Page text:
This is Saturday. It’s about noon and I am walking again to the corner coffee shop. And here in the dreary disarray of Dog Alley I discover a colorful flowerbed of seven books. They are neatly layed out beside a trash barrel in the baking sun. Six paperback novels and a hardback, “Harvey Penick’s Little Red Book: Lessons and Teachings from a Lifetime in Golf.”
The novels, all written by bestselling authors, are lined up in two rows with the Penick slightly canted on the right. On the top row, from left are John Grisham’s “The King of Torts,” “The Innocent Man” and “The Broker” with Robin Cook’s “Chromosome 6” on the far right.
The second row starts with James Patterson’s “The Big Bad Wolf,” then Cook’s “Vital Signs.”
I wonder who has placed the books out here in such an intelligent order. Is it someone from one of the residences on the south? Or perhaps someone on the north in the offices of a big PR firm? Or was it a book-loving homeless person who was searching the trash? It could be almost anyone. Or any number of people. Maybe one person set out the books and another came by and put them in a design.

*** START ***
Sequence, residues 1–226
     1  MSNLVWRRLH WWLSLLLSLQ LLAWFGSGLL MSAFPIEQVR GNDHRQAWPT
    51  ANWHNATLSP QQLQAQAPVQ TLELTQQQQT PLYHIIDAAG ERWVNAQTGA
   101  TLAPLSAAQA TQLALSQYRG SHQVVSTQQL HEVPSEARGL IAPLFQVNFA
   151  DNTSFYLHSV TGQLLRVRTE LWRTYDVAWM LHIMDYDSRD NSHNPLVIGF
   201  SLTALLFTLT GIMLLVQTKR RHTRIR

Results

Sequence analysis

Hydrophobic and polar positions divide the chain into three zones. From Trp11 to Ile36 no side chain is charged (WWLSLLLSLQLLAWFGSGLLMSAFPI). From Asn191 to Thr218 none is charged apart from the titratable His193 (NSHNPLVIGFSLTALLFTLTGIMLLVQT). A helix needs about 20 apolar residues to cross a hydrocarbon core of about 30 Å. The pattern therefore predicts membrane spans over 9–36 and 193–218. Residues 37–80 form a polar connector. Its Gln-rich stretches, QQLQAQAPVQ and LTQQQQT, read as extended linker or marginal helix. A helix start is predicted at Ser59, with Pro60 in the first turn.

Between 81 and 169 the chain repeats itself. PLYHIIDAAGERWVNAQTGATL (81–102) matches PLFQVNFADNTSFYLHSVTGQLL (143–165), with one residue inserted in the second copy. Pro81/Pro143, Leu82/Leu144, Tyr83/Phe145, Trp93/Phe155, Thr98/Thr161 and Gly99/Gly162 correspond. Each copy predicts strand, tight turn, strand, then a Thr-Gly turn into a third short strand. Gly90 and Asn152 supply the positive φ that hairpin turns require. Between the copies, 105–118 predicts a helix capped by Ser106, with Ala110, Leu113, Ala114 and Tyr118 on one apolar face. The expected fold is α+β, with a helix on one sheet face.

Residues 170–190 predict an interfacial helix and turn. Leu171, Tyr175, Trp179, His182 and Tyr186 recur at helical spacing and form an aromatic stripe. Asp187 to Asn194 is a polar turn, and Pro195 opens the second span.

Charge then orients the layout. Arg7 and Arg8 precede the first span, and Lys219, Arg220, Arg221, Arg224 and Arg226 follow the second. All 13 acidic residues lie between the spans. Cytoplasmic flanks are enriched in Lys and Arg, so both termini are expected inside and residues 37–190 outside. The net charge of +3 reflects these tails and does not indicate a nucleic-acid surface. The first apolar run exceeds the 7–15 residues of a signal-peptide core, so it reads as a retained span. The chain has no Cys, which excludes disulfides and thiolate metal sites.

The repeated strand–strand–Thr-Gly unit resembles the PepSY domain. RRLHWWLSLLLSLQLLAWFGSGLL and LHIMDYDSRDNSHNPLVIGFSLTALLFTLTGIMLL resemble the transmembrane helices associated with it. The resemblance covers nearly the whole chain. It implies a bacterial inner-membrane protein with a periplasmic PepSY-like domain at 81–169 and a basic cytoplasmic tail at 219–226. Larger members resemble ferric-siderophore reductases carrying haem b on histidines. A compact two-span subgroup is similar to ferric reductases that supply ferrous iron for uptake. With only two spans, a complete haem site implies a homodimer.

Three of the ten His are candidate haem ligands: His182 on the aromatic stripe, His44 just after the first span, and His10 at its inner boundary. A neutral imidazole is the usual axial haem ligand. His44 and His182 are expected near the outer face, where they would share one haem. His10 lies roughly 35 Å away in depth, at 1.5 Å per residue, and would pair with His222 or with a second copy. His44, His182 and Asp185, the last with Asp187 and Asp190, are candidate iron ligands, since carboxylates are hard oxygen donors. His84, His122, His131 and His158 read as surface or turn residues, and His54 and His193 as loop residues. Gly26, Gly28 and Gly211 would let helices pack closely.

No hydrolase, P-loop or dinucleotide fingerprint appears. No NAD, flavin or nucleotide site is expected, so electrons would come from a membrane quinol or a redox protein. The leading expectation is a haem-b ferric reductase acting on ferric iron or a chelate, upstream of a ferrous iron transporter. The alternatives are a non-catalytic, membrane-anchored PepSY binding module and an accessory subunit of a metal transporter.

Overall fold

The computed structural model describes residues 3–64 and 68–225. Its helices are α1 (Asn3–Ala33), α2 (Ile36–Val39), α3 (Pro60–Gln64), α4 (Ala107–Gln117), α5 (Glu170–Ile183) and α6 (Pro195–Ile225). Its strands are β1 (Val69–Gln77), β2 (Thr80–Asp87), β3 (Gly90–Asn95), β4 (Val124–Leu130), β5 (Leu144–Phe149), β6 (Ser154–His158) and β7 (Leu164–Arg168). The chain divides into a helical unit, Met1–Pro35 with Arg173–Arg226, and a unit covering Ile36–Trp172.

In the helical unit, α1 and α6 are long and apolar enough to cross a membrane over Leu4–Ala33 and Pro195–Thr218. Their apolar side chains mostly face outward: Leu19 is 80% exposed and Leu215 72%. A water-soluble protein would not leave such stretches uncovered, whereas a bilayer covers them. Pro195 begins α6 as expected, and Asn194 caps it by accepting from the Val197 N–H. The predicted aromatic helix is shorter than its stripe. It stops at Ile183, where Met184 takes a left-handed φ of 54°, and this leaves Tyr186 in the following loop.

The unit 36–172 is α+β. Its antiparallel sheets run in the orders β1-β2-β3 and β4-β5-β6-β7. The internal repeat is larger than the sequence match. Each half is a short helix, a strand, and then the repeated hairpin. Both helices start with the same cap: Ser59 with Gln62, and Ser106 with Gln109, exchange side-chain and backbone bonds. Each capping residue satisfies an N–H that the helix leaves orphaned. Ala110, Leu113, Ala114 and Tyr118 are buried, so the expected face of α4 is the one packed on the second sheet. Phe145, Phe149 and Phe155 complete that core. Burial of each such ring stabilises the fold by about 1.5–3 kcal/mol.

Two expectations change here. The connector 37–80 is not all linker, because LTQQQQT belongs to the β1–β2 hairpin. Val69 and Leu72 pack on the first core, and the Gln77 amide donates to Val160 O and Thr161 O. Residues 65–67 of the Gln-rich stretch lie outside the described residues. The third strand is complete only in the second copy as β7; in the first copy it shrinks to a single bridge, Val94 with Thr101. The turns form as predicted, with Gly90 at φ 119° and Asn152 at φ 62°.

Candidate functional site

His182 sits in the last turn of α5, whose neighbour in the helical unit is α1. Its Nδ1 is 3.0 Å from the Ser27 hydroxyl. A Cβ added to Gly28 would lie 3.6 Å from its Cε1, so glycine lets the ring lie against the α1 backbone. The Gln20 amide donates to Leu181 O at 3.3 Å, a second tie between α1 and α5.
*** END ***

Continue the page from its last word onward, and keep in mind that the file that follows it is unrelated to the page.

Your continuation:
Man or woman, I have only a slender clue. The woman’s purse with the ugly chartreuse trim resting nearby, I know, may tell me nothing at all. I lean to the theory the books belonged to a man only because I think mysteries and golf are more of a man’s province. Even then, it could have been a woman who took her husband’s discards and placed them in the alley.
And why the design, this book-garden of blues, blacks and reds? Surely not for the colors themselves. What else though than to show book smarts, an act of an anonymous ego? In any case, this garden of books is the most interesting thing I’ve seen in Dog Alley for a long time.